Monday, 08. September 2014

Bad Teeth Can Seriously Harm Your Health

Amalgam fillings, broken or rotten teeth, and infected teeth or tooth roots can cause interference in the body and thus be responsible for diseases or weaknesses of your organs.  Whether you believe it or not, good health is no joke when it comes to your teeth!

Firstly, we're not talking about crooked teeth or even unsightly teeth. Malpositioned teeth do effect our self-esteem, but thankfully do not usually have negative effects on our health. Today we are talking about defective teeth that are exposed, sensitive to pain, sitting in inflamed gums or gum pockets, suffer from tooth decay etc., etc.,

Any of these illnesses or tooth problems constitute a major health problem for the body. Rotten teeth are not only extremely painful, they can also trigger life-threatening diseases. These diseases include some forms of rheumatism, kidney disease, eczema and skin diseases, migrains and head aches, nerve pain or discomfort in the muscles and joints or heart problems. Infected gum pockets are real "polluters" in the body: the germs seep out of your gums and get into the lymph cells and the blood cells and are distributed throughout the body. Subsequently, they can cause heart attack, stroke, myocardial inflammation and pneumonia as well as enhance diabetes. They also can impact Alzheimers or Tinnitus.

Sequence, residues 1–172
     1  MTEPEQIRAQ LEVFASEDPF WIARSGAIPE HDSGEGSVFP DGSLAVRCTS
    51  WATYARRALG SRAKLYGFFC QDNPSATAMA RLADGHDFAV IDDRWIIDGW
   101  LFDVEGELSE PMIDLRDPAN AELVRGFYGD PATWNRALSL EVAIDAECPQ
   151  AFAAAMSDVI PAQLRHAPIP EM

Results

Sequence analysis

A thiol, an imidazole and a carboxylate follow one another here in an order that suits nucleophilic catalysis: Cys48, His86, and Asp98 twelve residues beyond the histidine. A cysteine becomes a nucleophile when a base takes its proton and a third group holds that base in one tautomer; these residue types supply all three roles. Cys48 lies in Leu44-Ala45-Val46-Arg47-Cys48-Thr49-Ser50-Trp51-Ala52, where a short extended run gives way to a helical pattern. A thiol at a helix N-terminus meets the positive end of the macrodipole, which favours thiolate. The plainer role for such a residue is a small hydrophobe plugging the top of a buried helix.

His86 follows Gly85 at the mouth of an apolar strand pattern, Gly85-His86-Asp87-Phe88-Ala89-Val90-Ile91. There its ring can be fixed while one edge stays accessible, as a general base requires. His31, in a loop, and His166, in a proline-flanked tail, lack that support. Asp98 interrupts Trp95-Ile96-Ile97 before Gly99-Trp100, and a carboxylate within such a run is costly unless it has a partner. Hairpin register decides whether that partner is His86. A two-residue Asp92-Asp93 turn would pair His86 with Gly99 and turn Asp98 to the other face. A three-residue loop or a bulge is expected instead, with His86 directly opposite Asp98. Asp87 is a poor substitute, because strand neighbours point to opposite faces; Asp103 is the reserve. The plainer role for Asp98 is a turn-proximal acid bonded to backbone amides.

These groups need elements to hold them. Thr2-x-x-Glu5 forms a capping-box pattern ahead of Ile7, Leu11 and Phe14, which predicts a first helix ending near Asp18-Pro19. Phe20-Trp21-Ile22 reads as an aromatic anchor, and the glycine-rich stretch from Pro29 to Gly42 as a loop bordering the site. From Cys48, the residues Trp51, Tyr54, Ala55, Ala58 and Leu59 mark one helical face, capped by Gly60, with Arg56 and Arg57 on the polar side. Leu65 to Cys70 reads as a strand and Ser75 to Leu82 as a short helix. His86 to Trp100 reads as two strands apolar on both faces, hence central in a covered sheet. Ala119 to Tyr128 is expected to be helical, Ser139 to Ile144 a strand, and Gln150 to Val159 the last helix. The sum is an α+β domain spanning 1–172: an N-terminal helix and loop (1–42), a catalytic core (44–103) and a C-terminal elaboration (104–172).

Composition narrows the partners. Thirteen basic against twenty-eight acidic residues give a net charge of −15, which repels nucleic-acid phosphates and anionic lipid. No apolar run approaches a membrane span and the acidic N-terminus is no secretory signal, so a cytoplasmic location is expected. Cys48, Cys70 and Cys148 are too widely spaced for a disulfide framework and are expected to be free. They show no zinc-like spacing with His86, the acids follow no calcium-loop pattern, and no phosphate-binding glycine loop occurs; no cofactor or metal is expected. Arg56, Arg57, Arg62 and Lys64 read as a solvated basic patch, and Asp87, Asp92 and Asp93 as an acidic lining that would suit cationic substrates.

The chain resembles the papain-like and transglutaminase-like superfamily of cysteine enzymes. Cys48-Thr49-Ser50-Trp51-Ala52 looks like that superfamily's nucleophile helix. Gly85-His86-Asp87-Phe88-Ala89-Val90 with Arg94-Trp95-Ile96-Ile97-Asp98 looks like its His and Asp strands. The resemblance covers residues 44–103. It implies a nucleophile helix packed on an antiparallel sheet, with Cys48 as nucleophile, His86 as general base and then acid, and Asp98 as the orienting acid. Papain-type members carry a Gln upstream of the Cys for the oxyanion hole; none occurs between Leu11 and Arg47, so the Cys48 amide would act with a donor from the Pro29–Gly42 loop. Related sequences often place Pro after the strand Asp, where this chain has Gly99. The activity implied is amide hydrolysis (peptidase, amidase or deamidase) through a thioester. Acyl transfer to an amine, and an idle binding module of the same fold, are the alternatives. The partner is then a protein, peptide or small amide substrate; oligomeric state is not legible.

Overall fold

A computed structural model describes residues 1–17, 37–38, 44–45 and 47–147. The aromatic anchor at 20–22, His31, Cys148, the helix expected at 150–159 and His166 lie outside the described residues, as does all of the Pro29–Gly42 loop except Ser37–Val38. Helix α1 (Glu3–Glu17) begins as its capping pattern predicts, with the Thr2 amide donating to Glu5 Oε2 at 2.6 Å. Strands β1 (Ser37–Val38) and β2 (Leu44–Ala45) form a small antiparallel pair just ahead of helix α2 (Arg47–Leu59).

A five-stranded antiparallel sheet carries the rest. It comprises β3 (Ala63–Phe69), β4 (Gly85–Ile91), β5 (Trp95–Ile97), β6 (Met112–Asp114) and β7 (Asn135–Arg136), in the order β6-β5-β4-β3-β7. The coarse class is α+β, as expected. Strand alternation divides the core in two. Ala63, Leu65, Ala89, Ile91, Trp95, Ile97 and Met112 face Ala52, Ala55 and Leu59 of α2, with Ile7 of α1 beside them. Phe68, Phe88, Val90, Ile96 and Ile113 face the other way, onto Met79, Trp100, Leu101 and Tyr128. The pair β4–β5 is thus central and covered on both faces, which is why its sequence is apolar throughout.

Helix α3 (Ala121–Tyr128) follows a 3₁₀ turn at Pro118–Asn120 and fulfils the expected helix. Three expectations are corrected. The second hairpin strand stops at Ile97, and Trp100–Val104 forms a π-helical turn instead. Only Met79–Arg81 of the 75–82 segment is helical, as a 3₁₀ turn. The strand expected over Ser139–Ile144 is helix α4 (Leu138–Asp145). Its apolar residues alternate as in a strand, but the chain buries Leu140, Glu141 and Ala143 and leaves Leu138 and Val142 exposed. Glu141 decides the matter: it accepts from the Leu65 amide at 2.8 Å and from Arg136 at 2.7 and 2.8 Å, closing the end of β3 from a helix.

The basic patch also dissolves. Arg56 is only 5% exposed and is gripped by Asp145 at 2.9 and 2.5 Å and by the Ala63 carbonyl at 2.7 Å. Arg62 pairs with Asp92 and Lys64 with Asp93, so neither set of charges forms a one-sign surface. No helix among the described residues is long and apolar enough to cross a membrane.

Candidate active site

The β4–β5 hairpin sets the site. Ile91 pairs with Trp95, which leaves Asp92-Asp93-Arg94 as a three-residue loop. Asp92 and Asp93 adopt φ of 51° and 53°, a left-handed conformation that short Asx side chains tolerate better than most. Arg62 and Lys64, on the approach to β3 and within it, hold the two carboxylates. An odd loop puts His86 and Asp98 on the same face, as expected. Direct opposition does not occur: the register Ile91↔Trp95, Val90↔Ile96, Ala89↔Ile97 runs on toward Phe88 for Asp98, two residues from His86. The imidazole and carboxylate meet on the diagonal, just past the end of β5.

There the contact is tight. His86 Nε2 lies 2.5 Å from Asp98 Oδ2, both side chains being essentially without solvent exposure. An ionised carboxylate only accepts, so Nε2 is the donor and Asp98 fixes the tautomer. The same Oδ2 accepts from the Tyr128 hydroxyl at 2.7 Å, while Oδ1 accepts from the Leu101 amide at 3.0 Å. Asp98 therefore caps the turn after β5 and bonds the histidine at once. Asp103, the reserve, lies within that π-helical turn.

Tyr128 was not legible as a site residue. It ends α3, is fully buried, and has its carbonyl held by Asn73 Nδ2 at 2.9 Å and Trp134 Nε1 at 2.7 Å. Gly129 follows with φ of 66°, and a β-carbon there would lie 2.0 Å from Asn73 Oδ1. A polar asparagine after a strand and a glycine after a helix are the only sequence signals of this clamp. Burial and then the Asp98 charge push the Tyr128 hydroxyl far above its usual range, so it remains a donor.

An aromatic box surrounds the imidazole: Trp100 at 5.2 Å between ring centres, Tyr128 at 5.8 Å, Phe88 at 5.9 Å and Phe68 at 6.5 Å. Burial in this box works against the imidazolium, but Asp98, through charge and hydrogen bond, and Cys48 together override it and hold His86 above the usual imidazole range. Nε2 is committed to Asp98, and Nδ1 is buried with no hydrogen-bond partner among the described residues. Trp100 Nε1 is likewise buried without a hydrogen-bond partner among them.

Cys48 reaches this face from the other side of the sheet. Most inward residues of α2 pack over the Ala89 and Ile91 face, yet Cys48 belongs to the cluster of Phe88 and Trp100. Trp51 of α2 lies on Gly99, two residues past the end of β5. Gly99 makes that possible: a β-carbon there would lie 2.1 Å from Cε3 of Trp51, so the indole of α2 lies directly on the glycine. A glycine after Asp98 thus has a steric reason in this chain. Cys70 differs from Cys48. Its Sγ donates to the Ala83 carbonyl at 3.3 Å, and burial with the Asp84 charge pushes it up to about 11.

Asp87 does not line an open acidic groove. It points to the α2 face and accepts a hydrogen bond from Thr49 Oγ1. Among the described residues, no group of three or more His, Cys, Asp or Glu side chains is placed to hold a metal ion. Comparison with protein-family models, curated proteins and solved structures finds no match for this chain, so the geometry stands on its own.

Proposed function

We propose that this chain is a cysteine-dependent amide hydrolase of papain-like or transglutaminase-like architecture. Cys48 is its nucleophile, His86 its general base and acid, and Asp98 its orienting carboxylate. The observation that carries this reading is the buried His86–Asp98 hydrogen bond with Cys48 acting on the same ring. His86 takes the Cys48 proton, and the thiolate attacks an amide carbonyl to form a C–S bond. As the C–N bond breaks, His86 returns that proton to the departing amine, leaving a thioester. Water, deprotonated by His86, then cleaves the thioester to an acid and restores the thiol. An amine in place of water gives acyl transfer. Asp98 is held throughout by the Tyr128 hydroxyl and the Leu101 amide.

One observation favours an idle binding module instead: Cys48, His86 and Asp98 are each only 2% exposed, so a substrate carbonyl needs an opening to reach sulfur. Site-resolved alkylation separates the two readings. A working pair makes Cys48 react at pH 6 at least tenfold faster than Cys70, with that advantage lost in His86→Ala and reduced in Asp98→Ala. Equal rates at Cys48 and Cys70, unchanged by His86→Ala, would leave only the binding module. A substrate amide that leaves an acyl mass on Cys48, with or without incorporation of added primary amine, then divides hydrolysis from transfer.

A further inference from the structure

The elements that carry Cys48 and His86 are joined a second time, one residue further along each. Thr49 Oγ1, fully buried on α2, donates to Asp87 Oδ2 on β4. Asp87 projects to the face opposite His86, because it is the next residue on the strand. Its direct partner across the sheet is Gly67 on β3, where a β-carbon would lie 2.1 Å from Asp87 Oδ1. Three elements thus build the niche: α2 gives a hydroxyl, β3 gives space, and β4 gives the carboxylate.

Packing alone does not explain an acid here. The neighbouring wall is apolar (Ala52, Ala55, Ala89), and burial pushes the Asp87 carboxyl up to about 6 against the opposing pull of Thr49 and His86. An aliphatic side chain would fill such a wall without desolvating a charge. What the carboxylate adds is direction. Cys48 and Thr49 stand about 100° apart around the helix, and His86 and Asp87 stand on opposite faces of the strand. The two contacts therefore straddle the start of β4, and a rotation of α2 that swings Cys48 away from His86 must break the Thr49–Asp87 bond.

A special case in tooth-related health risks are amalgam fillings. They don't only affect the health of our teeth, but are harmful on their own! Mercury seeps out of the fillings in vapor from - 24 hours a day. If you chew down hard or drink something warm, the mercury is even more likely to be exposed. Unfortunately you can breathe the toxic heavy metal from the tooth filling with every breath and every bite. Since mercury accumulates in the body and is very difficult the remove, it may take years to notice its impact on your health.

Tips for healthy teeth:
• Avoid sugary foods (the bacteria in cavities loves sugar!)
• Take care of your gums by using soft toothbrushes and mouthwash 
• Clean your tongue regularly with a tongue cleaner 
• Ensure that you're getting sufficient calcium and magnesium intake .